Imagine buying what you need or want online and helping save the world at the same time? That’s the premise behind Amazon Smile (smile.amazon.com), a service by the Internet retail behemoth Amazon.
For every $100 you spend, Amazon will donate 50 cents to the participating nonprofit organization of your choice. What’s more, it won’t cost you anything more for what you buy. All you have to do is log on to Amazon Smile rather than Amazon (amazon.com).
Along with the same prices, with Amazon Smile you can obtain the same selection, shipping, and customer service as you do with Amazon. You can use your existing Amazon account on Amazon Smile. Your shopping cart, wish list, wedding registry, baby registry, and other account settings are the same.
To designate a charitable organization to support when shopping on Amazon Smile, you simply select the organization on your first visit before you begin shopping. You’ll receive an email confirmation of your choice, and Amazon Smile will remember your selection. You can change your charity of choice at any time by going to “Change your Charity” in “Your Account.”
Most but not all products purchased at Amazon Smile elicit donations, though you can see which products do elicit donations before buying. They’re the ones designated “Eligible for Amazon Smile donation” on their product detail page.
Amazon Smile launched in October 2013, and currently you can support any of nearly one million 501(c)(3) public charitable organizations this way.
One example of a participating charity is the MOAA Scholarship Fund set up by the Military Officers Association of America (moaa.org) to provide educational assistance for the children of U.S. military families.
A second example is Best Friends (bestfriends.org), which tries to find homes for pets in animal shelters and prevent them from being euthanized.
A third example is World of Children Award (worldofchildren.org), which funds children’s programs around the world in the areas of health, education, safety, and human rights.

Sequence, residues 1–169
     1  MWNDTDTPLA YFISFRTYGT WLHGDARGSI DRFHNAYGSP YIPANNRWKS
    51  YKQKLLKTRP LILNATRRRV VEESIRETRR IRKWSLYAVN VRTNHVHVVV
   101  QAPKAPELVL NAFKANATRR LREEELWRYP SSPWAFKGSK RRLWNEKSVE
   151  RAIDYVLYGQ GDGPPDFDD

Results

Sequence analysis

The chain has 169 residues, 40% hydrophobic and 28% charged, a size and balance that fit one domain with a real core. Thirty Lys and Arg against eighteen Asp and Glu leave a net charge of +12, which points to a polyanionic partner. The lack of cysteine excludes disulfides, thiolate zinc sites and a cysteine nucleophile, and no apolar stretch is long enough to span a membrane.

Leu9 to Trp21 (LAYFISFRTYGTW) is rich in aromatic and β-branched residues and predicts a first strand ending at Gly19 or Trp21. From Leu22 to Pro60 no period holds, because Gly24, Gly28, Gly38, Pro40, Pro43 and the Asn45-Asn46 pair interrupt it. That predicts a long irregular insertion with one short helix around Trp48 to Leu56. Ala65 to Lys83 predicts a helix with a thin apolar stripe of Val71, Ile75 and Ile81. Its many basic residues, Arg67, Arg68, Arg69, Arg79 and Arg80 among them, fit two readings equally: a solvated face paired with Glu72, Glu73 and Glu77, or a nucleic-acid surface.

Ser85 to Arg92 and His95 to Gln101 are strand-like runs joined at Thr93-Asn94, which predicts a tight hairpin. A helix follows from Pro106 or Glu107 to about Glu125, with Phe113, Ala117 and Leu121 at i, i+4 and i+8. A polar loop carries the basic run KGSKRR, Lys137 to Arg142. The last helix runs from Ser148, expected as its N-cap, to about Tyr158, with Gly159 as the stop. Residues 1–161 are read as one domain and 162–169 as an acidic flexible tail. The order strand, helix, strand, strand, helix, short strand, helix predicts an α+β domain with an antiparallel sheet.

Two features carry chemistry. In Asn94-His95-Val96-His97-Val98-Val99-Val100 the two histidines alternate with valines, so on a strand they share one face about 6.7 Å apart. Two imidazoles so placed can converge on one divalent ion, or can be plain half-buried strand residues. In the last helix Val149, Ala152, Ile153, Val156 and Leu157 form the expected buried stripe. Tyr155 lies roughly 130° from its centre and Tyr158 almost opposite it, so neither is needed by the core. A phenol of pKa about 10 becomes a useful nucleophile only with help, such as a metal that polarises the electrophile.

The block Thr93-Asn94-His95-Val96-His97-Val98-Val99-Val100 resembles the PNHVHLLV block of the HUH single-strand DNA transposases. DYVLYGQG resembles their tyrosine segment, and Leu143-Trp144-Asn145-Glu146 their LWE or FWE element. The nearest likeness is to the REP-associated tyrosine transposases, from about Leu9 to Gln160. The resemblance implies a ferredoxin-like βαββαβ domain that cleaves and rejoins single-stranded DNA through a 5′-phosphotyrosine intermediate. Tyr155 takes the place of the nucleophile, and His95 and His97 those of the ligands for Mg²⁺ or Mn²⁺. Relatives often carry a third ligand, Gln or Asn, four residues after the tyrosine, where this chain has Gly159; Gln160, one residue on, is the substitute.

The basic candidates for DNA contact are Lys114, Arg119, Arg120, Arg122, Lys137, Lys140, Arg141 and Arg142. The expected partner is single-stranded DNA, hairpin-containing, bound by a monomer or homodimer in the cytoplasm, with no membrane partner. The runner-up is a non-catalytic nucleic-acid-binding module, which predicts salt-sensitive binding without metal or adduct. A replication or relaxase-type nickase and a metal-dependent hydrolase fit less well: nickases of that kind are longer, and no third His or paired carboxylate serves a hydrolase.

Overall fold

Nonprofit organizations not already registered with Amazon Smile can learn how to register at org.amazon.com.
Amazon Smile donates 0.5% of the purchase price of eligible products, minus any rebates, and excluding shipping and handling as well as any gift-wrapping fees, taxes, or service charges. It periodically offers special promotions that increase the donation amount on some products.
Unlike with making a direct contribution to a charitable organization, however, you can’t take tax deductions for the money that Amazon Smile donates. The donations themselves are made by the Amazon Smile Foundation.
After you make a purchase on Amazon Smile, the service gives you the option of automatically sharing what you did, and the name of both Amazon Smile and the charity of your choice, through Facebook, Twitter, or email. This can help spread the word so others can do the same. Amazon Smile has a Facebook page at facebook.com/AmazonSmile.
As you might expect, even a seemingly benevolent service such as Amazon Smile isn’t without its controversy, in much the same way that Amazon itself isn’t without its controversy. An article in the Chronicle of Philanthropy (philanthropy.com/article/is-it-immoral-for-charities-to/152075) wonders if it’s “immoral” for charities to align themselves with Amazon. A Huffington Post blog (huffingtonpost.com/brady-josephson/why-amazon-is-smiling-and_b_4360405.html) wonders if people using Amazon Smile will donate less to charities.
Amazon is the U.S.’s largest online retailer. It started out as an online bookstore before diversifying into music CDs, movie DVDs, video games, software, electronics, clothes, furniture, toys, jewelry, and other merchandise.
The company has the most popular ebook reader on the market, Kindle. Several million books are currently available for download. With its Amazon Web Services, Amazon is also the dominant player in the corporate cloud computing services market, letting customers ramp computing and storage capacity up or down as needed. The company is also active with video-on-demand through its Amazon Instant Video service.
Amazon has received criticism regarding poor working conditions for employees. Employees have been tracked on a minute-by-minute basis and threatened with reprimands by supervisors if they talk among themselves about working conditions.
Some former Amazon shoppers have migrated to the online marketplace Etsy (etsy.com), which claims to value people over profit, community over greed. Among others trying to take on Amazon is Jet.com (jet.com), launched by a former Amazon manager.
Still, Amazon is known for its huge selection, good prices, speedy delivery, and excellent feedback system for determining the reliability of vendors. If you’re one of millions of loyal Amazon customers, all told, Amazon Smile can be a good way to bring a smile to others.
Reid Goldsborough is a syndicated columnist and author of the book Straight Talk About the Information Superhighway. He can be reached at firstname.lastname@example.org or reidgold.com.